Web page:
Written by The Business Journal Staff
Fresno County received a “C” on the 2017 March of Dimes Premature Birth Card. The county’s 10.1 percent preterm birth rate is the highest of 15 California counties reported. California’s overall preterm birth rate is slightly higher than it was one year ago at 8.6 percent.
Elsewhere in the Central Valley, 2015 ratings for Kings and Tulare County were found to have a grade of “B,” with preterm birth rates of 8.9 and 9.1 percent respectively. Madera County had an “A” with 8 percent.
Additionally, California faces significant disparities between racial groups. The preterm birth rate among black women is 46 percent higher than the rate among all other women. While race is not the cause of preterm birth, a woman’s race and where she lives can place her at higher risk.
“Social and environmental factors do impact the health of Fresno moms and babies,” said Shantay Davies, maternal child health director for the March of Dimes. “We must turn our focus to the disparities between ethnicities and race in our community before we can give every mom and baby a fair chance to be born healthy and thrive.”
The nation’s rate of preterm birth—the largest contributor to infant death in the United States—increased again in 2016 after nearly a decade of declines, earning the nation a grade of “C.” More than 380,000 babies are born preterm in the United States each year, facing a greater likelihood of death before their first birthday or lifelong disabilities and chronic health conditions. An additional 8,000 babies were born prematurely in 2016 from the increase in the preterm birth rate between 2015 and 2016.
“The 2017 March of Dimes Report Card demonstrates that moms and babies in this country face a higher risk of preterm birth based on race and zip code,” said Stacey M. Stewart, president of March of Dimes. “We see that preterm birth rates worsened in 43 states plus the District of Columbia and Puerto Rico, and among all racial/ethnic groups. This is an unacceptable trend that requires immediate attention.”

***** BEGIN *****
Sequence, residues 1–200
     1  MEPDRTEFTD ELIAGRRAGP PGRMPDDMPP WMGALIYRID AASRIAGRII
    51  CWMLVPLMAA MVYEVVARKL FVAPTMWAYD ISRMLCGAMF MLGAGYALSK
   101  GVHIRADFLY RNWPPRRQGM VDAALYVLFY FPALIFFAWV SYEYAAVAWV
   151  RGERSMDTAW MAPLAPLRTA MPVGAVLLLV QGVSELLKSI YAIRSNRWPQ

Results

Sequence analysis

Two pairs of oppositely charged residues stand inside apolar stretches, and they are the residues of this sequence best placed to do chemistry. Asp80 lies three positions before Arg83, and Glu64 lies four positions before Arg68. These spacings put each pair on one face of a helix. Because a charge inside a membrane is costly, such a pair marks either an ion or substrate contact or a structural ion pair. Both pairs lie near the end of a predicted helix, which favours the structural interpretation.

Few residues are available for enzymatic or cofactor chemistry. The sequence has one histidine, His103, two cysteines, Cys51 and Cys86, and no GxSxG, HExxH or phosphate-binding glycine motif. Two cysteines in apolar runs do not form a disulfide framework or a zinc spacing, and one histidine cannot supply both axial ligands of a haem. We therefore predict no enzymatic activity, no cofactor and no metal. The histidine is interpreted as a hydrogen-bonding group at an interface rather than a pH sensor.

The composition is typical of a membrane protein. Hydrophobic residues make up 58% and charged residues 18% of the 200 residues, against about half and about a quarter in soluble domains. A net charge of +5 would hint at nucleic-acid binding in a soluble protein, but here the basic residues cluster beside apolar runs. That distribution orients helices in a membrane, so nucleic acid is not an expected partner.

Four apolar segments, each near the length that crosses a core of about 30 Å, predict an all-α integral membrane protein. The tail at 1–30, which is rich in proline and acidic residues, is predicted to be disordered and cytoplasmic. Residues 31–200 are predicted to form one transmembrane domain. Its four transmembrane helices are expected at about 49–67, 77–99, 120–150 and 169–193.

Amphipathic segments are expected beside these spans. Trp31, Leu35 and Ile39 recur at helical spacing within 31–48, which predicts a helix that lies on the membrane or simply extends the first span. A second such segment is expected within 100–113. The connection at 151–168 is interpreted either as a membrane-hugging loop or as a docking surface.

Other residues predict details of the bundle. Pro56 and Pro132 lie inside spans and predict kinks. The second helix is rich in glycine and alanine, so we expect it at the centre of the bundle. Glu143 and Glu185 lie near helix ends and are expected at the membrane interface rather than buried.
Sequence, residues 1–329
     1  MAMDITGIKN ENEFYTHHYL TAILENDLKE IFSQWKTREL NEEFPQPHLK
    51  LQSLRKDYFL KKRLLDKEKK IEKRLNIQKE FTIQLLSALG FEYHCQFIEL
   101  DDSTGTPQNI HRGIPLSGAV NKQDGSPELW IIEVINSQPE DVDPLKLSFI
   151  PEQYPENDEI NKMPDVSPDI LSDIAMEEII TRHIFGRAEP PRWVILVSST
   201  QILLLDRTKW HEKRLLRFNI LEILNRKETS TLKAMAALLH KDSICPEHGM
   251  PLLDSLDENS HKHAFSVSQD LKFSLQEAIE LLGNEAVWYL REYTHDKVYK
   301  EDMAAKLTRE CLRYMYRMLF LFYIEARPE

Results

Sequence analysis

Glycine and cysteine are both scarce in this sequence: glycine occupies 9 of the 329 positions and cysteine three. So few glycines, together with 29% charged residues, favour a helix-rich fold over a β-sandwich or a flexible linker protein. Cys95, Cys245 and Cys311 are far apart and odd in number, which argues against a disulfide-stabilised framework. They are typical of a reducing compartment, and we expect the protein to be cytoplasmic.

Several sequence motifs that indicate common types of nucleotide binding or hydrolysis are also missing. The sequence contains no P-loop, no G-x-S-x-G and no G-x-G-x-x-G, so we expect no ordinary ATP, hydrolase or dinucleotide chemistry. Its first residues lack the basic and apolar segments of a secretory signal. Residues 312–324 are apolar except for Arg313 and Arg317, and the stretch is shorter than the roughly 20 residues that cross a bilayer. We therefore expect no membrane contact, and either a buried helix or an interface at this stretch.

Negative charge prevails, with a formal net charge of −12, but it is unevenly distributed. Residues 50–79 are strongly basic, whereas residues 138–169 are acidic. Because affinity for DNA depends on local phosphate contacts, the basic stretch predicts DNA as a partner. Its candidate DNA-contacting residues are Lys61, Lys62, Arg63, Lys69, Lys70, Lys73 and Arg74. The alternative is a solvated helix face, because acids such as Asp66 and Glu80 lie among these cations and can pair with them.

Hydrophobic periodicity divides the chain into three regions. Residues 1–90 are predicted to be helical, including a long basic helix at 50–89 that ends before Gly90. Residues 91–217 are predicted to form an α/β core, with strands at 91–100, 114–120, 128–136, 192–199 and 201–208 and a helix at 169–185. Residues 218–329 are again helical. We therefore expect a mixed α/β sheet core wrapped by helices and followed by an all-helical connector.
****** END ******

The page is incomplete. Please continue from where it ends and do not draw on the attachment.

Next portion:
Premature births are ones that are before 37 weeks of pregnancy. Babies who survive an early birth often face serious and lifelong health issues, including breathing problems, jaundice, vision loss, cerebral palsy and intellectual delays. In addition to the human toil, preterm birth accounts for more than $26 billion annually in avoidable medical and societal costs, according to the National Academy of Medicine
“In addition to discovering new ways to prevent premature birth, and improve the care that women receive, it’s essential that we improve the broader social context for health,” said Dr. Paul E. Jarris, chief medical officer of the March of Dimes. “Only then will our nation be able to level the playing field for mothers and babies in every community.”